Regular consumption of trans fatty acids, saturated fats or sugar can raise levels of harmful LDL cholesterol and turn on inflammatory genes, raising risk for heart attacks, cancer, dementia and Alzheimer's disease. Many factors influence the development of dementia – but an unhealthy diet and a sedentary lifestyle are major contributors to memory problems.
For instance, a recent study tested the effects of two diets on plasma lipids, insulin levels and visual memory on healthy adults and adults with mild cognitive impairment (MCI). One diet contained high levels of saturated fat and simple carbs, while the other was low in saturated fat with fewer simple carbs. The latter diet was associated with lowered levels of plasma lipids, insulin levels and markers of free radical injury and inflammation in the brain and spinal cord. Not only that, after just one month of the low saturated fat and simple carbs diet, visual memory improved in both healthy adults and adults with MCI. This study has major implications for the effects of diet on quality of life and brain function.
Not surprisingly, recent research has pointed out that heart disease also increases your odds of developing Alzheimer's disease, which is a serious and deadly form of dementia.
For decades, saturated fats have been demonized as the cause of heart disease. The food industry, responding to such health concerns replaced saturated fats with trans fats, and a whole new market of low-fat (but high-sugar) foods was born.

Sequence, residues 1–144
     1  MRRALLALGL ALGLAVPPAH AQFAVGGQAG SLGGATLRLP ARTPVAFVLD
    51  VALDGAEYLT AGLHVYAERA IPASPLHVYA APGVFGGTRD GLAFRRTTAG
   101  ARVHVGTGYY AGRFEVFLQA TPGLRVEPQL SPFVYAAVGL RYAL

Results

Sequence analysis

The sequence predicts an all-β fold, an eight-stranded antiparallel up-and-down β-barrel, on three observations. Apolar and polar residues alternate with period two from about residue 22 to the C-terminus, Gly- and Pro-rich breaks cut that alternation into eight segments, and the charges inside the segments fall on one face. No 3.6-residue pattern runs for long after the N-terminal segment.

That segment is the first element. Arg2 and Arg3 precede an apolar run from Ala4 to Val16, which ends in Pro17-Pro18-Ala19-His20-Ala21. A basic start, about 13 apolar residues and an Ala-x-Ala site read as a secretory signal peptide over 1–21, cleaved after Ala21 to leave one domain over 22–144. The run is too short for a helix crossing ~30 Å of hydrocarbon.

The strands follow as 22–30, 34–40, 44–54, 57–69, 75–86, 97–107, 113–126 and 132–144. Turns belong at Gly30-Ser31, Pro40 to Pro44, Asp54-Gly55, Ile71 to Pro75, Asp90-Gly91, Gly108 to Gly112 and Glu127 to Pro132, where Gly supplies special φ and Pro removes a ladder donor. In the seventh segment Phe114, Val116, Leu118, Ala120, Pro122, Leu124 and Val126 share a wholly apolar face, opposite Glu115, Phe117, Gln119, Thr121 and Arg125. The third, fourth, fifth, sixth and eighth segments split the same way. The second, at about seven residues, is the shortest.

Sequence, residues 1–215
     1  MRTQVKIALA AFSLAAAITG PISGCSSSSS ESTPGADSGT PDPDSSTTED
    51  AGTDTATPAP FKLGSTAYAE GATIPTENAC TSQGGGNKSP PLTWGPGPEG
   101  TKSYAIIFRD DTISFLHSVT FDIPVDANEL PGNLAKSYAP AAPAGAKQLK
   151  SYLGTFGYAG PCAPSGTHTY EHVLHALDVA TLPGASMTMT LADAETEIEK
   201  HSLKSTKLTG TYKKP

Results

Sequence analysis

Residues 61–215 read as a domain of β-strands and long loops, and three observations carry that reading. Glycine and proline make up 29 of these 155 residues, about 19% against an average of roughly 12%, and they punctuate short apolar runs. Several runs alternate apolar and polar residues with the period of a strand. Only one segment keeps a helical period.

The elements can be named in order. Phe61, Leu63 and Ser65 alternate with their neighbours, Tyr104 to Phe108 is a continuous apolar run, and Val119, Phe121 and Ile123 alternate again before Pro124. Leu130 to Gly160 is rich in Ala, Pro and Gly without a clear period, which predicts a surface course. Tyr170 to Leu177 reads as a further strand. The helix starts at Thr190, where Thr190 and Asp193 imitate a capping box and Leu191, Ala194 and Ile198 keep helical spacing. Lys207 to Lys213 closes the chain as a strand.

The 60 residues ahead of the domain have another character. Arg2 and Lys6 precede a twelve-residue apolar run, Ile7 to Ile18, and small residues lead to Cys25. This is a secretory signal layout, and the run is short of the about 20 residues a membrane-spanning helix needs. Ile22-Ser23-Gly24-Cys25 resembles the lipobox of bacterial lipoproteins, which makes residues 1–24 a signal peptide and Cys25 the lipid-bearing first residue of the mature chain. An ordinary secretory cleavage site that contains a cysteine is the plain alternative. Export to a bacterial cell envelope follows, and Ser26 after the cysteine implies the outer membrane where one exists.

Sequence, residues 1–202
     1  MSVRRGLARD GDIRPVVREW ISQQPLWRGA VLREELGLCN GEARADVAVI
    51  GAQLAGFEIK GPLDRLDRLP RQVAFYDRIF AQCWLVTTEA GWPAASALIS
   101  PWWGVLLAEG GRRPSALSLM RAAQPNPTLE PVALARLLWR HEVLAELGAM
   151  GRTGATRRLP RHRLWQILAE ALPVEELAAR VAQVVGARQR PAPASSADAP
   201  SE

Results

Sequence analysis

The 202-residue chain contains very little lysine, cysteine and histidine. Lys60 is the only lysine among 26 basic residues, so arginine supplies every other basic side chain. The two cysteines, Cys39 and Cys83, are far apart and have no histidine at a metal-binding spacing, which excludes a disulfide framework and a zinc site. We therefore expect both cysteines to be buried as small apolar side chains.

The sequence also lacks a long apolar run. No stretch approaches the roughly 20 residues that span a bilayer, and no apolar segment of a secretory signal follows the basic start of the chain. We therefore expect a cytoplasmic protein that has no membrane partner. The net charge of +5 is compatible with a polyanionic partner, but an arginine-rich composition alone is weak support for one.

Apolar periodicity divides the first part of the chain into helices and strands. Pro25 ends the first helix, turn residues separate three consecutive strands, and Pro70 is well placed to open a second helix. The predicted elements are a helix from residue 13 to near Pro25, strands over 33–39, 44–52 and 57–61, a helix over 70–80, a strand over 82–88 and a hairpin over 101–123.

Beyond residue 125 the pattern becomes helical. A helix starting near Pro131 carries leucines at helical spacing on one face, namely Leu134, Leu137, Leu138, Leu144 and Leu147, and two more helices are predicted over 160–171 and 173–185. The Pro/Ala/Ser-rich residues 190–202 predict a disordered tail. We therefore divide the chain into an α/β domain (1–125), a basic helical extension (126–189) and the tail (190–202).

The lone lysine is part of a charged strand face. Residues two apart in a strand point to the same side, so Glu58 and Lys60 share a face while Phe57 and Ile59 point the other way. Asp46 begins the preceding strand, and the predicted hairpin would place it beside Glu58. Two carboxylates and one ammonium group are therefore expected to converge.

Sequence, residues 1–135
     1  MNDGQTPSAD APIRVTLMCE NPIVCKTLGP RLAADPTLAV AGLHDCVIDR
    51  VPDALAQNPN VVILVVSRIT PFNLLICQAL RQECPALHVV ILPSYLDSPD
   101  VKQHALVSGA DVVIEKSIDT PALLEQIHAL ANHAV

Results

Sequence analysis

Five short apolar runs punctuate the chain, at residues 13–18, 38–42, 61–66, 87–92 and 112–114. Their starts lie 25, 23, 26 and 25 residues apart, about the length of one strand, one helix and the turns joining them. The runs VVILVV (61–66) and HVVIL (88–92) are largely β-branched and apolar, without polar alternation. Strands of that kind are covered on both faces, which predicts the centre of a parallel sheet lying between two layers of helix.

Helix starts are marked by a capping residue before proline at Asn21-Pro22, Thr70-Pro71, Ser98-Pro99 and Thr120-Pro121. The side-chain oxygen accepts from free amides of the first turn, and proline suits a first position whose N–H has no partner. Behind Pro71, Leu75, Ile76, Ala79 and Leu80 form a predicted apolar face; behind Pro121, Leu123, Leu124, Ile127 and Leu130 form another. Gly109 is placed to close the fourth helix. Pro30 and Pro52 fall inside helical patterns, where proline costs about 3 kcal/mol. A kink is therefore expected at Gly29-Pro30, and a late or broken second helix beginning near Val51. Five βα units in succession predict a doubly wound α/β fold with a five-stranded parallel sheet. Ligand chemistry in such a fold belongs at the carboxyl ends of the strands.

Americans' health has plummeted ever since, and there's no telling how many people have been millions have been prematurely killed by this mistake… Making matters worse, genetically engineered soy oil, which is a major source of trans fats, can oxidize inside your body, thereby causing damage to both your heart and your brain.
Trans Fat Clogs Your Arteries, Not Saturated …
In addition, very little research is available on the damaging effects of chemical food additives and preservatives. Most of these are classified as GRAS (Generally Recognized as Safe), but those who classify them often have financial links to the food industry, so no one really knows what we’re dosing ourselves with when we eat them. One very large study from Spain followed 9,000 adults and their nutritional habits and found a direct correlation between fast food intake, development of depression and anxiety, and slow but relentless cognitive decline.
Other studies from around the world are equally chilling. Tracking more than 12,000 university students over a period of 11 years, researchers from Spain found a correlation between the amount of trans fats in the diet and depression, anxiety, and early cardiovascular disease. A recent Women’s Health Study on more than 6,000 people again found correlation between trans fats and early cognitive decline, memory, and verbal IQ. Other studies have identified comparable correlations with sugar intake and depression, anxiety, and mental decline.
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